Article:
The death of the sport will not be the act of oppressive states buying up major football clubs after being allowed to by shortsighted authorities. It will be fans thinking they can do nothing to stop it and accepting that it is now the norm.

It is five years since journalist Jamal Khashoggi was lured to the Saudi consulate in Istanbul by Saudi officials, where he was murdered and dismembered. 

In 2021 the CIA issued a report in which director of national intelligence, Avril D. Haines said: “We assess that Saudi Arabia’s Crown Prince Mohammed bin Salman approved an operation in Istanbul, Turkey, to capture or kill Saudi journalist Jamal Khashoggi.” The CIA director at the time, Gina Haspel and the other American officials listened to a recording obtained by Turkish intelligence that not only captured Mr. Khashoggi’s struggle against Saudi agents and his killing, but also the sounds of the saw being used on his body.

In October 2021 the takeover of Newcastle United by the Saudi state was approved by the Premier League, which claimed they had ‘legal and binding assurances’ that the PIF was independent of the Saudi government and that MBS would not interfere in the running of the club.

Hatice Cengiz, who was engaged to Jamal Khashoggi at the time of his murder made it clear that this was nonsense: "It doesn't make sense because everyone knows the government [in Saudi Arabia] controls everything.”

"The current Saudi regime has a crown prince who is managing everything in the country. The point is this... how do the players, the fans and the director of Newcastle accept this situation?

"I am really sad about this point. I guess money is more important than anything in this life.”

"I want to remind them there are some values more [important] than money. It's so heart-breaking for me to remind the West of these values.”

Since Hatice Cengiz made that statement the links between the regime and the football club have become closer and closer, so much so that no-one now bothers denying it is indeed the Saudi regime which owns Newcastle United. 

The official club kit sponsor Sela is majority owned by the PIF and the Newcastle away strip is now ‘full Saudi.’

MBS appointed one of his right-hand men, Yasir al-Rumayyan as Newcastle United chairman when the Saudi state was still claiming the PIF was independent, yet in US court papers filed by the regime, they claimed that PIF was a 'sovereign instrumentality of the Kingdom of Saudi Arabia' and al-Rumayyan a ‘sitting minister’ in the government.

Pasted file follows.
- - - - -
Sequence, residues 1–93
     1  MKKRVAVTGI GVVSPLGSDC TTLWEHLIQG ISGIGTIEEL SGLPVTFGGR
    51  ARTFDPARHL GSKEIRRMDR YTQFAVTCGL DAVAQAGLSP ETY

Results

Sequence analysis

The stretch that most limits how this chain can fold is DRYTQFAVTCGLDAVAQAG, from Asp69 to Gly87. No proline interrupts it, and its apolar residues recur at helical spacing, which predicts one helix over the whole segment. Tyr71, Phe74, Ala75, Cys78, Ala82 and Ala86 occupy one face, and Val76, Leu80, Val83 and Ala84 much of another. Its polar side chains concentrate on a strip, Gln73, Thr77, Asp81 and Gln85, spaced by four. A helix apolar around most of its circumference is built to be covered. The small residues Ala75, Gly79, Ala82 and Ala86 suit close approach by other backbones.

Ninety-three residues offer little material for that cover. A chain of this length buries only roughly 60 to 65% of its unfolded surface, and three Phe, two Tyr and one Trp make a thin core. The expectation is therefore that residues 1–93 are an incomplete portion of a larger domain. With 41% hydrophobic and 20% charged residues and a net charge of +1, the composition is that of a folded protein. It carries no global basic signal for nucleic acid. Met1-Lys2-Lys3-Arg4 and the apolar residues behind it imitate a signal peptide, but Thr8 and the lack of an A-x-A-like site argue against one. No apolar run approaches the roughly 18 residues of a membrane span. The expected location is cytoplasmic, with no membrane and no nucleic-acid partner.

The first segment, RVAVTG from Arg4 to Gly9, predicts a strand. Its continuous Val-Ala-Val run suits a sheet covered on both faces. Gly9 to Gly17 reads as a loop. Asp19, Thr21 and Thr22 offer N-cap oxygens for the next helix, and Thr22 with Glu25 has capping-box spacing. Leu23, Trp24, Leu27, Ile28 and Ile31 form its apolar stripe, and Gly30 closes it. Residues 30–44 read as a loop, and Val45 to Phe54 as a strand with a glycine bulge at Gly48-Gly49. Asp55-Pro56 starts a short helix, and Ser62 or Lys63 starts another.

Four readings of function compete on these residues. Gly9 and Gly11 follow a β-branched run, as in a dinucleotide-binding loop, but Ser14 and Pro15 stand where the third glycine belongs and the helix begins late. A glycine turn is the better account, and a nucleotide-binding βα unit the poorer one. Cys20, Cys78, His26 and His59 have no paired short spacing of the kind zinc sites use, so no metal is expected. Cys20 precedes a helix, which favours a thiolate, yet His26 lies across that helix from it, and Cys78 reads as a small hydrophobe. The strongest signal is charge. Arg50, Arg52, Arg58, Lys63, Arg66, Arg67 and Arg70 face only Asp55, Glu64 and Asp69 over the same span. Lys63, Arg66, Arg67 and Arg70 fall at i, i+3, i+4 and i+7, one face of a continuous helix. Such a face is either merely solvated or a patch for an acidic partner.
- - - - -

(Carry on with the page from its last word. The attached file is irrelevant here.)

Sela are organising a drone light show at St. James’ Park ahead of the Champion’s League match against PSG. Human rights activists have pointed out that at least the 500 drones used in the show will not be used against Yemeni kids. 

As recently as August of this year, a drone strike by the Saudi-led coalition on Yemeni civilians’ houses in the Al-Akhdua’ area killed three people, including two children, and 14 people were injured; eight women, four children, and two men.

In a sorry reflection of the state of the once beautiful game the Champions League fixture is between two clubs, both owned by human rights abusing states. The owner of PSG, Tamim bin Hamad Al Thani was awarded the title, ‘Tyrant of the year’ in 2022 by Index on Censorship

Qatar prohibits homosexuality, has no free press, forbids protest, restricts free speech and the World Cup stadiums were built using migrant labour with little to no workers’ rights. An estimated 6,500 migrant workers died in Qatar in the 10 years since they were awarded the World Cup.

So, is that the new normal and is there nothing we can do about our proud clubs becoming sportswashing and soft power vehicles in global and regional rivalries? 

The recent visit of Saudi human rights activist Lina al-Hathloul to Tyneside showed that Newcastle fans are willing to listen to the voices of the victims of the 80% owners of Newcastle United. The two Saudi internationals at St. James' Park were flops and indicates there is a limit to how much the Saudi regime can use the region for propaganda purposes. 

Previous to the Saudi takeover of Newcastle United, political representatives and official fan groups all said they would ‘keep talking’ about human rights. Unfortunately, that has not happened enough but as Lina said in Newcastle, fans can support their team and the victims of the regime which own our club.

Some Newcastle councillors spoke to Lina and offered support. Would it not be a grand gesture if Newcastle City Council followed the example of the city Los Angeles which has renamed a square near the Saudi consulate in honour of Jamal Khashoggi?  

Newcastle is proud to be recognised as a sanctuary city. Let’s make the commitment to human rights real by renaming a street around St James’ Park, ‘Jamal Khashoggi Street’. That would honour his memory and all the many victims of the regime which owns our football club.



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